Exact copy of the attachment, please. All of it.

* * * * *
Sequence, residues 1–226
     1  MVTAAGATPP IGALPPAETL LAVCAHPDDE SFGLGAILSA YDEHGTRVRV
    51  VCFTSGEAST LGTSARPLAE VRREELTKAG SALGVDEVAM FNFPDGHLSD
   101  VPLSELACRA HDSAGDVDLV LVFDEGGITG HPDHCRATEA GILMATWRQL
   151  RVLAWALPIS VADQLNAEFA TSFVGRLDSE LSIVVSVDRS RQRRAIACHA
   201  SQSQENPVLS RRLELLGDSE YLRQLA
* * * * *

Sequence, residues 1–226
     1  MVTAAGATPP IGALPPAETL LAVCAHPDDE SFGLGAILSA YDEHGTRVRV
    51  VCFTSGEAST LGTSARPLAE VRREELTKAG SALGVDEVAM FNFPDGHLSD
   101  VPLSELACRA HDSAGDVDLV LVFDEGGITG HPDHCRATEA GILMATWRQL
   151  RVLAWALPIS VADQLNAEFA TSFVGRLDSE LSIVVSVDRS RQRRAIACHA
   201  SQSQENPVLS RRLELLGDSE YLRQLA